GGRO 2022 Season Summary: Turkey Vulture Study

Illustration of soaring Turkey Vulture looking downward.

Beyond being widely misunderstood by the general public, Turkey Vultures are often misunderstood from an ecological perspective as well. Where do they nest? How widely do they migrate, if at all? And how are they impacted by toxics, especially rodenticides, heavy metals, and even microplastics?

From 2017 to 2020, Golden Gate Raptor Observatory (GGRO) wing-tagged 17 Turkey Vultures to study these and other aspects of vulture behavior and conservation, particularly in this urban region. Nine of the tagged vultures were resighted (multiple times) throughout the Bay Area in 2022. The sightings were in Marin, Contra Costa, San Francisco, San Mateo, and Alameda counties.

From day one (August 15th) of the 2022 migration season, GGRO hawkwatch volunteers observed one of our most frequently seen tagged individuals, Turkey Vulture #368 over Hawk Hill. Over the course of the fall season, the volunteers recorded 168 sightings of tagged vultures from the hill, which means during the 411 hours on hawkwatch, we counted a tagged vulture, on average, every 2.5 hours. Following the same trend of the last few years, Turkey Vulture #368 was the most frequently sighted vulture by a considerable margin, with 27 confirmed records from Hawk Hill in 2022. Sightings of other tagged vultures ranged from 1 to 4 sightings throughout the entire season.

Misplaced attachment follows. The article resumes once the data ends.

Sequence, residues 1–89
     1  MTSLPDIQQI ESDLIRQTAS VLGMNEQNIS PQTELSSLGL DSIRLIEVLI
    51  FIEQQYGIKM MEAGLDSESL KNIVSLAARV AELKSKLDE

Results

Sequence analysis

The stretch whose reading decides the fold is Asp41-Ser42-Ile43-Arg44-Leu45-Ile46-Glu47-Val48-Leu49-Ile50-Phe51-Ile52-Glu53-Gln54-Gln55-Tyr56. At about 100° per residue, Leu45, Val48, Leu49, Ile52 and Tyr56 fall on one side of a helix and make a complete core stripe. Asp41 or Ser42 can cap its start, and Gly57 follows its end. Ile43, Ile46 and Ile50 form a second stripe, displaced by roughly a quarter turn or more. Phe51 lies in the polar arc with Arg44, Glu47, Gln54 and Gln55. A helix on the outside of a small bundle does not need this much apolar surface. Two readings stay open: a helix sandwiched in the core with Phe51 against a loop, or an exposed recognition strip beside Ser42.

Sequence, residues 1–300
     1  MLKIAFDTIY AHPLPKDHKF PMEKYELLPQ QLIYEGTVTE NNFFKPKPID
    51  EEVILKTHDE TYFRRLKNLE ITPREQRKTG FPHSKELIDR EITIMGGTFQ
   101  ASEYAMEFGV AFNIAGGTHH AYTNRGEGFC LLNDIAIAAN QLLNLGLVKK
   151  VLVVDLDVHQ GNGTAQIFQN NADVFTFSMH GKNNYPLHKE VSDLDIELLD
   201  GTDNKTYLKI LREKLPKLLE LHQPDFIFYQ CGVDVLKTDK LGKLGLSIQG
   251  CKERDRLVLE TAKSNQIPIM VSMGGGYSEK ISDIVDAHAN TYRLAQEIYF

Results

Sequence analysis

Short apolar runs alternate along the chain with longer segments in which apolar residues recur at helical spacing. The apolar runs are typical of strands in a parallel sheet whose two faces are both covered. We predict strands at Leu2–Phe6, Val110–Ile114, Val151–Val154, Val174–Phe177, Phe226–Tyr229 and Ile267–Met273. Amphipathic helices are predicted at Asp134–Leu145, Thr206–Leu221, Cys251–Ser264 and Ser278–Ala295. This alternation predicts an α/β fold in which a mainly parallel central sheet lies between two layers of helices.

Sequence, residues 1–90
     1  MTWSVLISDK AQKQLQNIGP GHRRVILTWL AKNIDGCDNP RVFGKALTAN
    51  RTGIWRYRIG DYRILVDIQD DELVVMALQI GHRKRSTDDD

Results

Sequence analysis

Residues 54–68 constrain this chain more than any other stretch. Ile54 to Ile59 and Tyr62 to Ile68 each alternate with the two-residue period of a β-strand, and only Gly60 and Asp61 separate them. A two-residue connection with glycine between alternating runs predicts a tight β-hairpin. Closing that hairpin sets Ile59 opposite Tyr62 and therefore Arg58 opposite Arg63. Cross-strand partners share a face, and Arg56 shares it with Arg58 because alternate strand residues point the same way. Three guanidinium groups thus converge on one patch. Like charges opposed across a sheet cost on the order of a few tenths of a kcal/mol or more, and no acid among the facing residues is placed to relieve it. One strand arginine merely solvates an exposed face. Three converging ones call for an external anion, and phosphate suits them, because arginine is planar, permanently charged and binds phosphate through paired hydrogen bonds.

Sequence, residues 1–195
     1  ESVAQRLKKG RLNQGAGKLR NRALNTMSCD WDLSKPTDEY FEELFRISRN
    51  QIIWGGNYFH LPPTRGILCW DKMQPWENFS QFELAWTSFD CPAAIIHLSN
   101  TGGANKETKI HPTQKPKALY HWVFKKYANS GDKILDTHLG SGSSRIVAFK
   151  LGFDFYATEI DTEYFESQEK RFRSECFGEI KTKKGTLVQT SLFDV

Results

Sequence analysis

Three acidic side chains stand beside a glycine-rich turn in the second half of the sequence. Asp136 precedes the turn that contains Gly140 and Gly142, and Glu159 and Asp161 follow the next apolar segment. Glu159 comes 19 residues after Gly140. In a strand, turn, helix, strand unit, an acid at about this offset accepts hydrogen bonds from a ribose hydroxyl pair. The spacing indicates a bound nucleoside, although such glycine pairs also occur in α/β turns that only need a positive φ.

Thanks to our steady-handed hawkwatcher-photographers for capturing numbers on the fast-gliding, tagged TVs: John Davis, Don Bartling, Ken Wilson, Mary Malec, and others.

Map of the Bay Area with various points marking where turkey vultures bands were recovered.

Your parks need you now

Your support helps fight climate change and promote park sustainability—please give now.